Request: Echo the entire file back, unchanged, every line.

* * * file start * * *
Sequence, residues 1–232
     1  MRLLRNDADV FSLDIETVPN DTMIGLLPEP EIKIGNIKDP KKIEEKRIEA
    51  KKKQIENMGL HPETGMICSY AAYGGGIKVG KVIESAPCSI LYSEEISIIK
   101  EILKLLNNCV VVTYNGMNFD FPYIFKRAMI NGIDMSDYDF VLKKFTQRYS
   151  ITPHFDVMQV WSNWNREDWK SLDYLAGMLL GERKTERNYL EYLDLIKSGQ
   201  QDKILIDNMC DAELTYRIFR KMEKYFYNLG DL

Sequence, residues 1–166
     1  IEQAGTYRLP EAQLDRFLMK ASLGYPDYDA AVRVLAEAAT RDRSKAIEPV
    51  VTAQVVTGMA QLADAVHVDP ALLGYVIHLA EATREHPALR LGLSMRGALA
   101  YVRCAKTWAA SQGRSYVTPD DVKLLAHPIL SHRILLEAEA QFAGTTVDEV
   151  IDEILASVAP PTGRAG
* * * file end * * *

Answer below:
Sequence, residues 1–232
     1  MRLLRNDADV FSLDIETVPN DTMIGLLPEP EIKIGNIKDP KKIEEKRIEA
    51  KKKQIENMGL HPETGMICSY AAYGGGIKVG KVIESAPCSI LYSEEISIIK
   101  EILKLLNNCV VVTYNGMNFD FPYIFKRAMI NGIDMSDYDF VLKKFTQRYS
   151  ITPHFDVMQV WSNWNREDWK SLDYLAGMLL GERKTERNYL EYLDLIKSGQ
   201  QDKILIDNMC DAELTYRIFR KMEKYFYNLG DL

Sequence, residues 1–166
     1  IEQAGTYRLP EAQLDRFLMK ASLGYPDYDA AVRVLAEAAT RDRSKAIEPV
    51  VTAQVVTGMA QLADAVHVDP ALLGYVIHLA EATREHPALR LGLSMRGALA
   101  YVRCAKTWAA SQGRSYVTPD DVKLLAHPIL SHRILLEAEA QFAGTTVDEV
   151  IDEILASVAP PTGRAG